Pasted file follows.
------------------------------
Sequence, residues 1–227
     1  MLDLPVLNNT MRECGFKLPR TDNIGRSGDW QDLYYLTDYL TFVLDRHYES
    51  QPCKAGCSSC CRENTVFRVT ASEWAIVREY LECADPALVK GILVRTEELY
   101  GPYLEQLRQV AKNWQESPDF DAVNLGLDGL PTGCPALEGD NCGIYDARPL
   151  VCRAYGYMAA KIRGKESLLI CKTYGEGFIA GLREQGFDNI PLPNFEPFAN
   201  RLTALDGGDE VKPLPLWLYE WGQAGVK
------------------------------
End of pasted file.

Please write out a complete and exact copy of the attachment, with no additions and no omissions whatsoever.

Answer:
Sequence, residues 1–227
     1  MLDLPVLNNT MRECGFKLPR TDNIGRSGDW QDLYYLTDYL TFVLDRHYES
    51  QPCKAGCSSC CRENTVFRVT ASEWAIVREY LECADPALVK GILVRTEELY
   101  GPYLEQLRQV AKNWQESPDF DAVNLGLDGL PTGCPALEGD NCGIYDARPL
   151  VCRAYGYMAA KIRGKESLLI CKTYGEGFIA GLREQGFDNI PLPNFEPFAN
   201  RLTALDGGDE VKPLPLWLYE WGQAGVK